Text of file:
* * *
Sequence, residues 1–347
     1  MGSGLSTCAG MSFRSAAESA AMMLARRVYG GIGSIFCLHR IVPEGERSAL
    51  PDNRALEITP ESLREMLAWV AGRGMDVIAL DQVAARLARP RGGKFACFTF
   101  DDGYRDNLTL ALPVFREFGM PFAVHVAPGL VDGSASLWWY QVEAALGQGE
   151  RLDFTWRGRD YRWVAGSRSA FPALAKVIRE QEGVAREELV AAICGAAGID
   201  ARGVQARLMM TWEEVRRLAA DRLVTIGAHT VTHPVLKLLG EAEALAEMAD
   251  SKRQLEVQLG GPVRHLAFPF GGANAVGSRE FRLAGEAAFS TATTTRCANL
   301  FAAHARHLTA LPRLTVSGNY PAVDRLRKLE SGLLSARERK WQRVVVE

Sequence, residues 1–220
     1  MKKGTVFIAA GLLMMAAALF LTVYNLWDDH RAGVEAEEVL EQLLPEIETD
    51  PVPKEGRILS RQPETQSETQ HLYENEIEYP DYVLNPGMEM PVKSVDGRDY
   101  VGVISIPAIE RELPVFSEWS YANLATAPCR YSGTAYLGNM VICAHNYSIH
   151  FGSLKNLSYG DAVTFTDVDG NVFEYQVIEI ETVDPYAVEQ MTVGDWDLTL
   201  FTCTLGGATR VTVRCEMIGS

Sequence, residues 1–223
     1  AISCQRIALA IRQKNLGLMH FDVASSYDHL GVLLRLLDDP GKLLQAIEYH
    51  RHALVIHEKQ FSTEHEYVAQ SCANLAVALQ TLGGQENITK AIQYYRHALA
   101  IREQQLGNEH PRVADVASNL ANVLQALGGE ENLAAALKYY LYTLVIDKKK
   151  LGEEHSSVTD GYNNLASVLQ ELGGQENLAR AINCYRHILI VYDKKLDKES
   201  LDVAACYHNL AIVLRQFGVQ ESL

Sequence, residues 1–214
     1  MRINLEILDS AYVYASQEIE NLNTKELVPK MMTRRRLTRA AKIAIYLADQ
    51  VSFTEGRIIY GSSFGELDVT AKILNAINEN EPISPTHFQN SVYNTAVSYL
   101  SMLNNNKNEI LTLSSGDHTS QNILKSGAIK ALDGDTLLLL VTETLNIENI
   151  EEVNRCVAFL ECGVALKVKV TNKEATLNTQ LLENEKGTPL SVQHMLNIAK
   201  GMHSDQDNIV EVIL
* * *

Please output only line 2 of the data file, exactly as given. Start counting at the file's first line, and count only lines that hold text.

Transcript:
     1  MGSGLSTCAG MSFRSAAESA AMMLARRVYG GIGSIFCLHR IVPEGERSAL